MONSOON WEDDING (2001). Seeing the moldy expression “feel-good” in relation to a motion picture frequently has the ability to generate heartburn, but how else to describe this joyous work from Mira Nair, the director of The Namesake and Mississippi Masala? A picture as full of emotion as the traditional ceremony it celebrates, Monsoon Wedding uses the title event as the backdrop for a work that, among other things, delineates the struggle between “old” and “new” India, examines the compromises that individuals must perform for the sake of family sanctity, and, in the tradition of Father of the Bride, takes a gently comic look at the headaches brought on by pulling the whole thing together. Naseeruddin Shah is cast in the equivalent of the Spencer Tracy role, as the family patriarch who must contend with all sorts of old-fashioned strife in new-fangled Delhi as he coordinates the union of his thoroughly modern daughter (Vasundhara Das) to a handsome man (Parvin Dabas) flying in from Houston to take part in this arranged marriage. Characters come and go, tense situations alternately explode or dissipate, and secrets are uncovered — yet through it all, most of these ingratiating folks invariably manage to do what’s best for themselves and for the family unit. Vijay Raaz steals the film as a wedding planner whose obnoxiousness gets vaporized by true love, and there’s an infectious soundtrack that may warrant an immediate trip to Amazon.com’s music section.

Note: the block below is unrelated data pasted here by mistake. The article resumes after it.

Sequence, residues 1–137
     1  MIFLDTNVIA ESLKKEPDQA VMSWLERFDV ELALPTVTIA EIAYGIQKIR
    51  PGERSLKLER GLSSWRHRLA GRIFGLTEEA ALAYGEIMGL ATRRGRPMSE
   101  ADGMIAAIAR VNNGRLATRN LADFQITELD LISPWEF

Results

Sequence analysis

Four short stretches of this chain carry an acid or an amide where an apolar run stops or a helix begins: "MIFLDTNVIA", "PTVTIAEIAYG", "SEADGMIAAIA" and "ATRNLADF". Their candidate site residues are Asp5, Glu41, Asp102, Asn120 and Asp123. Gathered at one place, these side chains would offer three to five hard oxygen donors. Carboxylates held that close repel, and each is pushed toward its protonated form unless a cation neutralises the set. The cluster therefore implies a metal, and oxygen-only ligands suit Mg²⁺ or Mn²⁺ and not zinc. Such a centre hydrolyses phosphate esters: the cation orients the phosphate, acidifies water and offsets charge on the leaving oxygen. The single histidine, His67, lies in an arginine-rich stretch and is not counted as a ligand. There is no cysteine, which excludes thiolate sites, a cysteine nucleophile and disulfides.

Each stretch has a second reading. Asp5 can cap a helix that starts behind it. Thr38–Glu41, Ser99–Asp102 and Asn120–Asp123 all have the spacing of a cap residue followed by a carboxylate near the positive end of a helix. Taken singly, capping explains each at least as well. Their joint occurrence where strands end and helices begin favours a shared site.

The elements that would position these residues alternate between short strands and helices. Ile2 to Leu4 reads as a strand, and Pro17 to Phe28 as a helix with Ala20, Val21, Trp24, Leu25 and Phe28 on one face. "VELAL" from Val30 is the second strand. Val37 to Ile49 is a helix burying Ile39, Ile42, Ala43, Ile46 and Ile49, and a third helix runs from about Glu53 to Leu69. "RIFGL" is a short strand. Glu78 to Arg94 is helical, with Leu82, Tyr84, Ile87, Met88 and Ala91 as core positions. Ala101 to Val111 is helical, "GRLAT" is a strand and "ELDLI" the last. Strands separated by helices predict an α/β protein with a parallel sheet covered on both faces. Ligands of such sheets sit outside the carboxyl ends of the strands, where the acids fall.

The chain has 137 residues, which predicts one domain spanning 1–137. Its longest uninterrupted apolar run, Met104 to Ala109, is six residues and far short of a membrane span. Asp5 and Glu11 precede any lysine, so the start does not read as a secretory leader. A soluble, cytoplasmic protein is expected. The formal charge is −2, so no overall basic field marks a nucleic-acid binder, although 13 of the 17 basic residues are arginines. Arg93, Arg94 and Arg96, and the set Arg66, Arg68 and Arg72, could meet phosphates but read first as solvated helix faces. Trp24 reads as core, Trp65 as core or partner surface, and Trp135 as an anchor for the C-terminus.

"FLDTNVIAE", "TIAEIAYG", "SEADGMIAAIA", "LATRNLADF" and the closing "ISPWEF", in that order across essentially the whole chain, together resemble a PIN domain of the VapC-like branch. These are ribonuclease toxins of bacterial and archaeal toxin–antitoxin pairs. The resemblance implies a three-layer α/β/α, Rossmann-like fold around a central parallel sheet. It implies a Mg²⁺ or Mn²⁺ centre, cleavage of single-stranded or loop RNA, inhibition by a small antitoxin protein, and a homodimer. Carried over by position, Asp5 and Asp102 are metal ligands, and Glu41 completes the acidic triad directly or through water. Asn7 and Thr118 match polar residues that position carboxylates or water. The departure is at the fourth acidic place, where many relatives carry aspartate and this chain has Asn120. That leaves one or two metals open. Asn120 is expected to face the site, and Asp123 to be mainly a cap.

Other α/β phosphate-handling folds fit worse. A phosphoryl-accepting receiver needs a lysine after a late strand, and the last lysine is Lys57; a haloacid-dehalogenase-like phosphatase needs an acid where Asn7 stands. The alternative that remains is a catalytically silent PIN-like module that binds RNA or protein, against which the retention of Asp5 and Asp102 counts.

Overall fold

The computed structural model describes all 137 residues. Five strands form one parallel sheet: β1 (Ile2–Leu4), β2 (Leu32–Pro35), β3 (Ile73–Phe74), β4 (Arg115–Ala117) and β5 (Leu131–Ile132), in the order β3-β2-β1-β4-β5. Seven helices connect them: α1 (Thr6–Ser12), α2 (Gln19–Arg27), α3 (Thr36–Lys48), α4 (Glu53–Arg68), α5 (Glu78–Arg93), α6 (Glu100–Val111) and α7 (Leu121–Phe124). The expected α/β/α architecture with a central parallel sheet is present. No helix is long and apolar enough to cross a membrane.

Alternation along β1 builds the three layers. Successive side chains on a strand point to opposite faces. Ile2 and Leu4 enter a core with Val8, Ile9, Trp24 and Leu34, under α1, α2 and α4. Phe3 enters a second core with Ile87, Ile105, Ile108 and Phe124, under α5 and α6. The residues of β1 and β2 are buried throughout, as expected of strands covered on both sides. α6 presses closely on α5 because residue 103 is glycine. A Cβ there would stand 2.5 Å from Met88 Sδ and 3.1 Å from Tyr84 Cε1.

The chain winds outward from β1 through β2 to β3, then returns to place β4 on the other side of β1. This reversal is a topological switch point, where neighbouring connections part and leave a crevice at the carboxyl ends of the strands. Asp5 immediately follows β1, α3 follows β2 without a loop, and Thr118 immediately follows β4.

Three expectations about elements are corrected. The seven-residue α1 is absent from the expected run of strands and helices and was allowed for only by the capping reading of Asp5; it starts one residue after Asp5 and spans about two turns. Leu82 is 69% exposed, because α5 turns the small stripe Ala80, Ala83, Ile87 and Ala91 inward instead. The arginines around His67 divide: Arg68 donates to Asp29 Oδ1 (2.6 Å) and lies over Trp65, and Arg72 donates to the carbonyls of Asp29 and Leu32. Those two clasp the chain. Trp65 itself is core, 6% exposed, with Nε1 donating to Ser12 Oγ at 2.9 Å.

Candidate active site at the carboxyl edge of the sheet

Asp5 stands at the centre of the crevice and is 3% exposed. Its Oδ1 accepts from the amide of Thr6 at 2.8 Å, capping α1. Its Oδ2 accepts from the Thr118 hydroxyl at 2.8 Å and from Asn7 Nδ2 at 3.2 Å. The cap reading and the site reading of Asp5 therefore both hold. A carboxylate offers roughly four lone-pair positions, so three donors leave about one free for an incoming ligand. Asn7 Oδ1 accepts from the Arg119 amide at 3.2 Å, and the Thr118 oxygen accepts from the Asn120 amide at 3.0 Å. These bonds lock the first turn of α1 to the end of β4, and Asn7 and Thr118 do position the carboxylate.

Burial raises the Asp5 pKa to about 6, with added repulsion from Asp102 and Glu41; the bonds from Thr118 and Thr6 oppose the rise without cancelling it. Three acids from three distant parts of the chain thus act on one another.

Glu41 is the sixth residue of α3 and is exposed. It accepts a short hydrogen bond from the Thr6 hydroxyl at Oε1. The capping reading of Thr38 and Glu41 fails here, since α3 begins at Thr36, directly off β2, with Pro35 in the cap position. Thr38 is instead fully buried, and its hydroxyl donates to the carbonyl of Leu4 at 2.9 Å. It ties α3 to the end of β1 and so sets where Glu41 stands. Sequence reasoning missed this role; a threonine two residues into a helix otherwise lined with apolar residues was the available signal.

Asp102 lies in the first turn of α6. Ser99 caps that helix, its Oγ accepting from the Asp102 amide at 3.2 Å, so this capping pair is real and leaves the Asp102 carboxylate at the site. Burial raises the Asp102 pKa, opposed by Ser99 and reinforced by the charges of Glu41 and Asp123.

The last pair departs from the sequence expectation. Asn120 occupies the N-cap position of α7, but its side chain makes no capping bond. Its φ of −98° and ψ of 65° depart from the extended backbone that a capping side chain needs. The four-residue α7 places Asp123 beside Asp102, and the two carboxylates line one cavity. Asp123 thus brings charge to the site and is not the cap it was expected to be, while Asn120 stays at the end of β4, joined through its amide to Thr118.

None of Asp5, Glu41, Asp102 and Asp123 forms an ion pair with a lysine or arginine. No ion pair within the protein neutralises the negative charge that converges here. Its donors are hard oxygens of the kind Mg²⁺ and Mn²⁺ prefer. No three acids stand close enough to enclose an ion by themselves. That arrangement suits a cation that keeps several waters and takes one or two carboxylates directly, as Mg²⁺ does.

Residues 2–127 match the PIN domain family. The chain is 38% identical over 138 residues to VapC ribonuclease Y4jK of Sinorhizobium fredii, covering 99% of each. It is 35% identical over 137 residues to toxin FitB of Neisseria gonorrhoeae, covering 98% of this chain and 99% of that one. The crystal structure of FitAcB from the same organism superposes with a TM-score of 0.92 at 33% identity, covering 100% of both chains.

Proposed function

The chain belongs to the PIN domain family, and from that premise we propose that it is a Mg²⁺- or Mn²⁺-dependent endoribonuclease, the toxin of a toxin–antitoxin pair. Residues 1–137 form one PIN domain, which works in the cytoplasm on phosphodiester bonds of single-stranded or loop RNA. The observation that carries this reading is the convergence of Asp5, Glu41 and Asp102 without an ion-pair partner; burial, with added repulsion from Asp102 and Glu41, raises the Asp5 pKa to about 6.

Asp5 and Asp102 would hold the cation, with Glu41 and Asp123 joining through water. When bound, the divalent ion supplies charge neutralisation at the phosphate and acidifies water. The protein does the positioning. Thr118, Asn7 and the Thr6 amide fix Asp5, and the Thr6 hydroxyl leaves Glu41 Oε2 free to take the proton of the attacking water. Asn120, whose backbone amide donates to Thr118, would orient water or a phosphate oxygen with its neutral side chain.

Extras in the two-disc DVD set include audio commentary by Nair; a 22-minute conversation between Nair and Shah; an 11-minute conversation between director of photography Declan Quinn and production designer Stephanie Carroll; and seven of Nair’s shorts (four fiction pieces, three documentaries), ranging in length from 9 minutes to an hour.
To purchase this movie, check out its listing on Amazon.com.